Accessibility links

Top Diplomats From India, Pakistan Meet on Sidelines of Regional Conference

  • Anjana Pasricha

Indian Foreign Secretary Nirupama Rao with her Pakistani counterpart Salman Bashir at the Foreign Ministry in Islamabad (File)

Indian Foreign Secretary Nirupama Rao with her Pakistani counterpart Salman Bashir at the Foreign Ministry in Islamabad (File)

Officials from India and Pakistan have met to discuss the possible resumption of a stalled peace process. The meeting was held Sunday on the sidelines of a regional conference in Bhutan. The discussions are another step in building trust between the two rival nations.

Indian and Pakistani diplomats made no specific announcements, but sounded positive after their late Sunday discussions in the Bhutanese capital, Thimpu.

Indian Foreign Secretary Nirupama Rao expressed optimism on Monday. But she also said government leaders would remain realistic, pointing out that the relationship between the two countries is "complex.”

"We talked about the process to chart the way forward, what the best modalities would be," Rao said.

The meeting in Bhutan was held on the sidelines of a South Asian Association for Regional Cooperation conference. It was the first time in six months that officials representing the two countries met to discuss the possibility of resuming peace talks. India suspended peace talks more than two years ago after terror attacks in Mumbai killed more than 160 people. The attacks were blamed on Pakistan-based Islamic militants.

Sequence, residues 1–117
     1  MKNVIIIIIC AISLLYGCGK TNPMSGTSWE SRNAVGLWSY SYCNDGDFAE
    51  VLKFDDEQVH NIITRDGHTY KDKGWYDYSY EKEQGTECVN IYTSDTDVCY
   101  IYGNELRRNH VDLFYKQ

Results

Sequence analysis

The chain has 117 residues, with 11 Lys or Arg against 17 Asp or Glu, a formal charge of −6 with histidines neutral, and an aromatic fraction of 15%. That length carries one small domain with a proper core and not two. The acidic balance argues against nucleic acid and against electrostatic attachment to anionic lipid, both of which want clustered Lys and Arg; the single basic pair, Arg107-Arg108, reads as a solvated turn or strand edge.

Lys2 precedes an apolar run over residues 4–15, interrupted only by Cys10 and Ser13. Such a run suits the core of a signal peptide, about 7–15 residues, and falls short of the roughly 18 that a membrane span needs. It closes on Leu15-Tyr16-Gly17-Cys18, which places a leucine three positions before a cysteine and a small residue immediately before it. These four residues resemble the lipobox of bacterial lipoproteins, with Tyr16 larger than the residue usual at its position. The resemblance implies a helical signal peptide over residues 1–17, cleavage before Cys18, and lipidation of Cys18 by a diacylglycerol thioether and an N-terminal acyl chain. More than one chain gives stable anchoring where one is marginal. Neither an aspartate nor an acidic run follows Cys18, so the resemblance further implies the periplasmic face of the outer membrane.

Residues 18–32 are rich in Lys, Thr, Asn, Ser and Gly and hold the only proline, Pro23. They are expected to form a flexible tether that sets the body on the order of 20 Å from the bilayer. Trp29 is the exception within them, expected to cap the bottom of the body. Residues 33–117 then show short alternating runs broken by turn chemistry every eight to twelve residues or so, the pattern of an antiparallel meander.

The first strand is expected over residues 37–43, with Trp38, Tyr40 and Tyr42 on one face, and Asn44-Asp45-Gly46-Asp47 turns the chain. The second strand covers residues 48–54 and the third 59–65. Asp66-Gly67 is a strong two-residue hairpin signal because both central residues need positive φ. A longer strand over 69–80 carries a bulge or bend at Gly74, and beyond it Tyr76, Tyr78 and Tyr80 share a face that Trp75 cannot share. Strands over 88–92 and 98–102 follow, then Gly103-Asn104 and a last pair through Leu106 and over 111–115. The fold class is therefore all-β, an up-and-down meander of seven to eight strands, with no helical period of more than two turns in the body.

There had been some expectation that the two countries would set a date for resuming full-fledged peace talks, but that did not happen.

Commenting on the meeting, Indian Foreign Minister S.M. Krishna said in New Delhi that the two countries are trying to re-build trust, and build bridges of confidence.

"The very fact that the two foreign secretaries have met, it is certainly an indication of the fact that solid foundations are being laid for getting the two countries on to a sustained engagement," Krishna said.

India is under pressure to return to the negotiating table and resolve its many differences with Pakistan.

But New Delhi accuses Islamabad of not doing enough to bring the Pakistan-based perpetrators of the Mumbai terror attacks to justice. It says relations between the two countries cannot improve unless Pakistan cracks down on the Islamic militant group, Laskhar-e-Taiba.

Pakistan says it has put on trial seven of the suspected Mumbai attackers. Meanwhile, Islamabad says it wants New Delhi to take action against those responsible for the 2007 bombing of a train that runs between the two countries.

XS
SM
MD
LG